SPARTANBURG, S.C. (WSPA) – A group of community members in Spartanburg are working to make a heavily-traveled road safer by requesting to cut semi trucks out of the traffic equation.
Pine Street has become a popular route for truckers to get to the interstate, but a group of more than 60 people who live and work in the area are hoping that the South Carolina Department of Transportation will either force truckers to take another route or add improvements to the road to make it safer.
“I built a go-cart and would go back and forth across Pine Street,” Wade Crow said.
Wade Crow said a memory he has from his childhood would never be possible today with the amount of growth we’ve had in Spartanburg and, particularly, the increased traffic on Pine Street, near Crow’s home.
“I went to Pine Street School, my children went to Pine Street School, and my grandchildren go to Pine Street School; and I worry constantly that there’s going to be a bad wreck with an oil tanker that’s going to do horrible damage,” Crow said.
Crow told 7 News he sees more tractor-trailers in his neighborhood than he’d like and, because of this, he’s worried about the safety of other drivers and pedestrians.
And he’s not the only concerned community member.
“There are a lot of bikers. It’s amazing,” Adam Hatley said. “There are a lot of bicyclists in Spartanburg. We’re sort of a focal point for that kind of thing.”
Adam Hatley travels Pine Street every day and said he’s noticed the heavy presence of 18-wheelers, but he realizes they may not have much of a choice.
“There’s not another viable route, so these trucks have to go here,” he said. “But it boils right down to the fact that them running above and even at the speed limit, and charging the lights, does not get them to their destination any faster.”
That’s why some folks, like Wade Crow, went to Spartanburg City officials with a resolution that will be sent to the South Carolina Department of Transportation. It’s main goal is to make Pine Street a safer route.
“Having three lanes would be wonderful,” Crow said. “Re-routing them would be wonderful. Slowing them down would be the next best thing.”
While Crow said he’d like to see the trucks travel somewhere else altogether, he understands that may be difficult to swing, so he, and others, are hoping to see stricter enforcement of the speed limit.
“I’d like to see stoplights and cameras that actually can take your license tag and send you a ticket,” Crow said. “If it’s expensive enough, they’ll go around. They’ll find another way to go.”
“More monitoring and, when they do stop the trucks, they need to ticket them pretty hard, so that they don’t do it but once,” Hatley added. “If you get a $250 speeding ticket, you don’t speed in the same place again.”
7 News reached out to the South Carolina Department of Transportation to see if any future traffic studies are being discussed, but we’re still waiting to hear back.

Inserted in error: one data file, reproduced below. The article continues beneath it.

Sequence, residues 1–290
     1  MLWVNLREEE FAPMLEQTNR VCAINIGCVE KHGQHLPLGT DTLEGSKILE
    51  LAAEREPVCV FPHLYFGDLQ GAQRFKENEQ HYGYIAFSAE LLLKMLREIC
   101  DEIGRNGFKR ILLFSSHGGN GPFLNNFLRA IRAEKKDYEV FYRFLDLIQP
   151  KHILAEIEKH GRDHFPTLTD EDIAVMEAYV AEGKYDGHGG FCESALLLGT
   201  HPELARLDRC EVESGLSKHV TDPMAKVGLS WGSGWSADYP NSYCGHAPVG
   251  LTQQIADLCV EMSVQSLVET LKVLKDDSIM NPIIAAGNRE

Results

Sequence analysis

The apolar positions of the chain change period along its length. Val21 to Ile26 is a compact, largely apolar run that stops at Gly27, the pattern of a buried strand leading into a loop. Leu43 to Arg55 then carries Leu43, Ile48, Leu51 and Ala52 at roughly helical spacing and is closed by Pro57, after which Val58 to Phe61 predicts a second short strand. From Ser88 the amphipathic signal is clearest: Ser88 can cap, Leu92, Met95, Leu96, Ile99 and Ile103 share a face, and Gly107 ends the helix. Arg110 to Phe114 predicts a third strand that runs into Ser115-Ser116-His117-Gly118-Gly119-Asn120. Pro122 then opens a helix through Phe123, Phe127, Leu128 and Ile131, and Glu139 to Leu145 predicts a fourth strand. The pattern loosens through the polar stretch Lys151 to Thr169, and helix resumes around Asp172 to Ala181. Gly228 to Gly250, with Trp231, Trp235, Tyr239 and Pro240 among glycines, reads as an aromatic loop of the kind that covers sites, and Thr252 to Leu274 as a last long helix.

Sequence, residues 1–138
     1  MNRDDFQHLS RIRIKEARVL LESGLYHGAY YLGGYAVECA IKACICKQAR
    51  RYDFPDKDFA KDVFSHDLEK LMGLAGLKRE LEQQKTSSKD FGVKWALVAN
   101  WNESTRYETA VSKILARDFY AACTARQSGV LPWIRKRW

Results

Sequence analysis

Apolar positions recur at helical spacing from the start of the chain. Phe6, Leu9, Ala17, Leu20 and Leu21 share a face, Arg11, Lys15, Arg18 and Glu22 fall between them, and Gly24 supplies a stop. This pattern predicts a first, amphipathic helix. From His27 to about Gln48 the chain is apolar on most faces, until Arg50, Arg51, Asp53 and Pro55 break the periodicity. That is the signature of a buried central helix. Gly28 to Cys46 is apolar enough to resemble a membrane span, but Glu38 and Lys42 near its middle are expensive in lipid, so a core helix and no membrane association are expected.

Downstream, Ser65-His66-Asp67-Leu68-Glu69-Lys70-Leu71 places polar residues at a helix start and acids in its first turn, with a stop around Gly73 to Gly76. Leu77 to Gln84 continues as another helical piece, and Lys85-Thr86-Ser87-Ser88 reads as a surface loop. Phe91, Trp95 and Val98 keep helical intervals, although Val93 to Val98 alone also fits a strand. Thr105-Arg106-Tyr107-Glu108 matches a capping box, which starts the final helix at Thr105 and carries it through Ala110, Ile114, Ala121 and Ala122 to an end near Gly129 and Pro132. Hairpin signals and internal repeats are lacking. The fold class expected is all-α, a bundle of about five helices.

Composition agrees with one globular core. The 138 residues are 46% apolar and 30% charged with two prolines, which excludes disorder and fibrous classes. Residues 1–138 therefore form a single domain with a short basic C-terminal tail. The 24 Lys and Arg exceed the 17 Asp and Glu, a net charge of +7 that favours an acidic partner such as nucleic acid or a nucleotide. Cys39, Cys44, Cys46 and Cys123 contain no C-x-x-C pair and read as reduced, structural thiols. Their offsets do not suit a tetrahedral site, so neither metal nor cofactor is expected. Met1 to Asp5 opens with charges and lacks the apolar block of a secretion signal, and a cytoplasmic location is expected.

We also reached out to the South Carolina Trucking Association and they sent us the following statement:
“Trucks are bound by which highways are most efficient and safe.
Federal highways must allow for all vehicular traffic. OR, ‘reasonable alternative’ routes must be provided.
That must factor in a lot of variables.
‘Through Trucks’ must take some route, and it needs to be safe and efficient. Also, enforcement must enforce the violations of any ‘Through Truck’ restriction, placing a burden on local law enforcement and to some extent, harassment of commercial traffic. (violations bring not only punitive fines, but also incur points on a valuable CDL license – I’d submit, too harsh for such an offense.)
More mileage on less safe or direct routes means greater accident exposure and cost. Also, more of a driver’s limited (regulated) time.
Businesses and supply chains form around certain routes.
Spartanburg likely needs a By-Pass for all vehicles, not just commercial vehicles.
What might be viewed as ‘somebody else’s truck,’ will at some point in time become that person’s. IE: we all place demands on the shipping business.
Moving traffic from one route, simply places it on another’s.”
7 News also spoke with a man who’s been a truck driver for 25 years and travels Pine Street often.
Erik Clingerman told 7 News that Pine Street has to be a truck route because of the location of businesses, supply chains, and fuel companies in our area.
He said he’s also witnessed other non-truck-driving people speeding on Pine Street, near the school, and around the time school starts and lets out.
Clingerman said traveling on Pine Street is a constant battle for truck drivers, as merging is tough and they get cut off by four-wheeled vehicles often.
Clingerman told 7 News that most truck drivers are not in a hurry. He said the only time you might catch one speeding is if they’re being paid by the load and not by the hour. He said this would usually include trash trucks, dump trucks, trucks carrying concrete, and loggers.
According to the Spartanburg Police Department, out of 1,084 crashes on South Pine Street in the last two years, only 18 involved tractor-trailers; and only 38 out of 544 crashes on North Pine Street involved tractor-trailers.